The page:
“There is still room to improve,” says Georgescu. “We are seeing fintechs entering the market alongside banks, so competition is increasing, and the variety of products is increasing. So it is definitely improving.”
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“The other change is the need for greater visibility,” says Georgescu. “If this visibility isn’t there, then everyone’s just making guesses and building in safety for risks and adding to costs.”
Handling over 15,000+ stock keeping units (SKUs) daily in its larger stores, and with a consistent demand for fresh products, UAE-based retailer Choithrams felt ramifications of rising costs and delays across its value chain.
What once constituted 5-6 per cent of total costs, has now more than tripled in the past year.
“These days, we talk more about the cost of the supply chain, than the price of the product,” says Abhishek Mundra, chief financial officer at Choithrams.
The increase is primarily attributed to the cost of freight, and is further exacerbated if any indirect costs – storage capacity or delivery delays – are incurred.
During the turbulence of the Covid-19 pandemic, the retailer began to look more seriously into supply chain finance solutions to help reduce business costs and improve efficiency for its suppliers.
“If done in a systematic way through the use of technology, it can bring a very powerful change throughout the ecosystem,” says Mundra. “The most important thing is to provide a platform to your suppliers and make it as automated as possible.”
Choithrams partnered with a local bank to offer a unified solution to its suppliers across its existing payment platform. No inconvenience was caused to the suppliers in terms of additional signoffs. Furthermore, visibility and transparency were improved via the dashboard.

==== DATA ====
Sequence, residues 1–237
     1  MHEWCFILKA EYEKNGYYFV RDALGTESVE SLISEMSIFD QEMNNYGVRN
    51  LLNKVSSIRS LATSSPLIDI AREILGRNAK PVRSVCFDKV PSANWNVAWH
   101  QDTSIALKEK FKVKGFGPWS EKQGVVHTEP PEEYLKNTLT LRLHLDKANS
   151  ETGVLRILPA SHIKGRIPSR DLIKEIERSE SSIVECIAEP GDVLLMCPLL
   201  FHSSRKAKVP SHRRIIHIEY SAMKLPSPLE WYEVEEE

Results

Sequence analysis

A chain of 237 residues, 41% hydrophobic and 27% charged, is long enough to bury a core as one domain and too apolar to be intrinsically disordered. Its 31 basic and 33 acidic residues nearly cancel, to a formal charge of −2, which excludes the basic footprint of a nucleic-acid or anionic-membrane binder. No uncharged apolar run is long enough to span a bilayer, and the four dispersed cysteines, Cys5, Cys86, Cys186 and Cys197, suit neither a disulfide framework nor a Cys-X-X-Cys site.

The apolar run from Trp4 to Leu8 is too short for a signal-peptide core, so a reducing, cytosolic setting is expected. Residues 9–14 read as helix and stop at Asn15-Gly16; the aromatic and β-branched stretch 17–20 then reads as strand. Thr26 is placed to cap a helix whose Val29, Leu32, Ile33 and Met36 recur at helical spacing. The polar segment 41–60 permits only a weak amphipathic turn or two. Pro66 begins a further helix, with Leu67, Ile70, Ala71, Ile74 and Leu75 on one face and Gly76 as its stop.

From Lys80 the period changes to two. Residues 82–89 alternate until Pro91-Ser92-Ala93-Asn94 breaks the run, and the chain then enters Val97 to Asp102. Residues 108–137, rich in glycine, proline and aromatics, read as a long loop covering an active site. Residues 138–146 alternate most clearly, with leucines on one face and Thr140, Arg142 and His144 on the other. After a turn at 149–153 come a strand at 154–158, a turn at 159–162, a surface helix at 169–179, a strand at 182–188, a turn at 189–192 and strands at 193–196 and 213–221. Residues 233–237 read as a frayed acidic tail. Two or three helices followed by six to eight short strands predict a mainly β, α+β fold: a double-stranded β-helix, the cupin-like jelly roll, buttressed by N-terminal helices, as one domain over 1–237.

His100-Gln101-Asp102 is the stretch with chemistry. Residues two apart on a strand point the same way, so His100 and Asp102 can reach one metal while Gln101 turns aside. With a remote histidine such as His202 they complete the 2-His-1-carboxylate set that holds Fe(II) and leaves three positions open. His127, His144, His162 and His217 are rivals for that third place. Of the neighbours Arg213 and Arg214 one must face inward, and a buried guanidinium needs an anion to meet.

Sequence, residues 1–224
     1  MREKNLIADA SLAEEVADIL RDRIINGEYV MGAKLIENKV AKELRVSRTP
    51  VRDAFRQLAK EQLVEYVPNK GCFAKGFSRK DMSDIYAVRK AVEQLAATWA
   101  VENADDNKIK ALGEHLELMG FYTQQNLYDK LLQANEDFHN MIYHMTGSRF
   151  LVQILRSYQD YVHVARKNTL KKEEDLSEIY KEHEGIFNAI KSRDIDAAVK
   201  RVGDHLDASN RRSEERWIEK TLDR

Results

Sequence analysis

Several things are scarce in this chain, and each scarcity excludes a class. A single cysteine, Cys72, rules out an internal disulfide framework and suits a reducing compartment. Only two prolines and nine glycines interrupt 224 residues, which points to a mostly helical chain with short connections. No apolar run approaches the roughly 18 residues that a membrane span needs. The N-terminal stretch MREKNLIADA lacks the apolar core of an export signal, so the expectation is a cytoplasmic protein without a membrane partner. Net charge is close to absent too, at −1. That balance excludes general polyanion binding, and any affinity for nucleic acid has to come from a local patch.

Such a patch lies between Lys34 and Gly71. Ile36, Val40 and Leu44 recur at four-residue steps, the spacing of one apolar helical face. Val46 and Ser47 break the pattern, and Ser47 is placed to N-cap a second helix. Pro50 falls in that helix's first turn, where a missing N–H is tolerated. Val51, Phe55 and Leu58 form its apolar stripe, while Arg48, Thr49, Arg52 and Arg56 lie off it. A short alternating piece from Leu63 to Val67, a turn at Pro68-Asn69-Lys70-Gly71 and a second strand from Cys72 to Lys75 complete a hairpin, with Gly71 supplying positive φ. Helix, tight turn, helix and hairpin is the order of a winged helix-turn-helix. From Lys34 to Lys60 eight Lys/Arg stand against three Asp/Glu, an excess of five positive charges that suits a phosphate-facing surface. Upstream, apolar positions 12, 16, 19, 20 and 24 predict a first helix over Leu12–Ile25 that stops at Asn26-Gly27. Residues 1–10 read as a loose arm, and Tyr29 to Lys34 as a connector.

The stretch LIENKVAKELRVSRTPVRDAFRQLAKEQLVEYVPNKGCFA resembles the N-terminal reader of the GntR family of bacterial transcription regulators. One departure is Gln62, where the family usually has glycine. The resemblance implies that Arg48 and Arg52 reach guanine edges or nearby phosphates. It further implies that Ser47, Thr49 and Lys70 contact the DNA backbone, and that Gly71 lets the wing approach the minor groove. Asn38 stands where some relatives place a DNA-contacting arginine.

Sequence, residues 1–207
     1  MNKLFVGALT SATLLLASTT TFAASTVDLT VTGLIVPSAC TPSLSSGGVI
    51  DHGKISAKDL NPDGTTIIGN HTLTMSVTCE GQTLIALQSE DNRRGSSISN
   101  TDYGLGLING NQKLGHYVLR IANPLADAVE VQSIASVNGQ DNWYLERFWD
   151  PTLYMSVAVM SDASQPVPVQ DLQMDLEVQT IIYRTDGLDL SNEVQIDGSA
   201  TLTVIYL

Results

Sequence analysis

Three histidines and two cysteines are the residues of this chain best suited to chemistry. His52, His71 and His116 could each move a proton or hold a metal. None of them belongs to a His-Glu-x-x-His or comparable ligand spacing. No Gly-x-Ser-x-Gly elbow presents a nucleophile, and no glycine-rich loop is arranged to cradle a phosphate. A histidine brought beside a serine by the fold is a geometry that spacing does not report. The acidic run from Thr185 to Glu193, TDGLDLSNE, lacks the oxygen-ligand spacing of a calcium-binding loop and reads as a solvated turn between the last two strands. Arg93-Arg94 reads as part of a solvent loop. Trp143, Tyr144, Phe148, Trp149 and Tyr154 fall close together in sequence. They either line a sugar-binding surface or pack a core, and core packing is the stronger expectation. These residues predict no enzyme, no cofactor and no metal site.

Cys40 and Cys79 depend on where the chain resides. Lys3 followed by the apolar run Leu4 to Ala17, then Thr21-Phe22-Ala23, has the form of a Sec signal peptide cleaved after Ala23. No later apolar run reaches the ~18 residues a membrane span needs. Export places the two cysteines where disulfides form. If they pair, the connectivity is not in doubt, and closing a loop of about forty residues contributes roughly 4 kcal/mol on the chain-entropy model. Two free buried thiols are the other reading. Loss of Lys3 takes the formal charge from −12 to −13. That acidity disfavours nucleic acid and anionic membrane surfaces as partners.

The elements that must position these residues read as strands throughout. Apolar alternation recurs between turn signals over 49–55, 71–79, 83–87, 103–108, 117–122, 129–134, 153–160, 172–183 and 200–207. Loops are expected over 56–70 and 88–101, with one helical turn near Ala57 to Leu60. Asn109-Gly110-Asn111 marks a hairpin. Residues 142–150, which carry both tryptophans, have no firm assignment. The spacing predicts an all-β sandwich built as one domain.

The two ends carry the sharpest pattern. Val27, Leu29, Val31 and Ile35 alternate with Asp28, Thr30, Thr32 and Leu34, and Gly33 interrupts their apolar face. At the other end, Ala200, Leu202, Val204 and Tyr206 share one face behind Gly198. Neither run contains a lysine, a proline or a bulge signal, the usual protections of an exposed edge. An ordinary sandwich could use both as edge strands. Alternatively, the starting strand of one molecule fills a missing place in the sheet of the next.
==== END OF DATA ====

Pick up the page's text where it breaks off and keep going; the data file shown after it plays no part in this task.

“It introduced flexibility on the payments, while also reducing the timelines and certain operational costs,” says Mundra.
Growing supply chain finance
The funding gap for smaller firms is still quite significant, says Victor Penna, Co-Head of Global Transaction Banking at Mashreq Bank.
“There have been different programmes set up in different emirates across the UAE to help fund SMEs, but this is relatively underdeveloped compared to other regions,” he says.
Nearshoring and the development of domestic industries in the Middle East is enabling greater opportunities to bring in supply chain finance models.
“There is still a long way to go and an opportunity to do it more broadly,” says Penna. “There is also an opportunity for fintechs to play in this space, making it easier for banks to deal with the many smaller suppliers.”
It is the suppliers that benefit from the cash at discount and retailers that take on the risk, which provides banks with greater surety on payments.
“Many smaller suppliers may not be strong in terms of their balance sheet and thus cannot take on the higher credit risk,” says Penna. “Through supply chain finance models, their cost of raising capital comes down. It’s a win-win for all parties in the supply chain.”